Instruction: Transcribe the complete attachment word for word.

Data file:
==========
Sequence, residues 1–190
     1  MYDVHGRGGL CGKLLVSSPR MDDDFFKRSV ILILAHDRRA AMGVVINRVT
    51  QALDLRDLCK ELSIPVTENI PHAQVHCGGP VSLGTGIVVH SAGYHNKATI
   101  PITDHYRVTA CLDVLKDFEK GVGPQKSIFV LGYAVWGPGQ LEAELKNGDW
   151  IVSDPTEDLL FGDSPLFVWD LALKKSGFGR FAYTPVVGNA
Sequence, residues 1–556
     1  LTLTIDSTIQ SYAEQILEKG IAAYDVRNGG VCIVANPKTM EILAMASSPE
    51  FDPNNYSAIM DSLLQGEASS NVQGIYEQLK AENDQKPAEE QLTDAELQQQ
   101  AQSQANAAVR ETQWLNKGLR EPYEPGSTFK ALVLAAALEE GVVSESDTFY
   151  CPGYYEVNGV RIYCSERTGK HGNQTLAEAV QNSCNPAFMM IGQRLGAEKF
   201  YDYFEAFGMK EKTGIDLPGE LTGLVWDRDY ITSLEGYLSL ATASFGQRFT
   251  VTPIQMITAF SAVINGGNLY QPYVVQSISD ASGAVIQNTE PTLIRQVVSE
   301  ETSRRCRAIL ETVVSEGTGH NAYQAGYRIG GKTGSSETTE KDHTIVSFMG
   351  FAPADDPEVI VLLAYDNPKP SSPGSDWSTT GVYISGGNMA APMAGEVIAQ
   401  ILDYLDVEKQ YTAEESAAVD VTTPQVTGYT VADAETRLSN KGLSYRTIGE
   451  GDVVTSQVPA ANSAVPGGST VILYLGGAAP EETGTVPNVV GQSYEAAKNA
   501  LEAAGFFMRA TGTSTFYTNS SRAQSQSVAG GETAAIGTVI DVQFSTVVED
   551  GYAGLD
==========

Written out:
Sequence, residues 1–190
     1  MYDVHGRGGL CGKLLVSSPR MDDDFFKRSV ILILAHDRRA AMGVVINRVT
    51  QALDLRDLCK ELSIPVTENI PHAQVHCGGP VSLGTGIVVH SAGYHNKATI
   101  PITDHYRVTA CLDVLKDFEK GVGPQKSIFV LGYAVWGPGQ LEAELKNGDW
   151  IVSDPTEDLL FGDSPLFVWD LALKKSGFGR FAYTPVVGNA
Sequence, residues 1–556
     1  LTLTIDSTIQ SYAEQILEKG IAAYDVRNGG VCIVANPKTM EILAMASSPE
    51  FDPNNYSAIM DSLLQGEASS NVQGIYEQLK AENDQKPAEE QLTDAELQQQ
   101  AQSQANAAVR ETQWLNKGLR EPYEPGSTFK ALVLAAALEE GVVSESDTFY
   151  CPGYYEVNGV RIYCSERTGK HGNQTLAEAV QNSCNPAFMM IGQRLGAEKF
   201  YDYFEAFGMK EKTGIDLPGE LTGLVWDRDY ITSLEGYLSL ATASFGQRFT
   251  VTPIQMITAF SAVINGGNLY QPYVVQSISD ASGAVIQNTE PTLIRQVVSE
   301  ETSRRCRAIL ETVVSEGTGH NAYQAGYRIG GKTGSSETTE KDHTIVSFMG
   351  FAPADDPEVI VLLAYDNPKP SSPGSDWSTT GVYISGGNMA APMAGEVIAQ
   401  ILDYLDVEKQ YTAEESAAVD VTTPQVTGYT VADAETRLSN KGLSYRTIGE
   451  GDVVTSQVPA ANSAVPGGST VILYLGGAAP EETGTVPNVV GQSYEAAKNA
   501  LEAAGFFMRA TGTSTFYTNS SRAQSQSVAG GETAAIGTVI DVQFSTVVED
   551  GYAGLD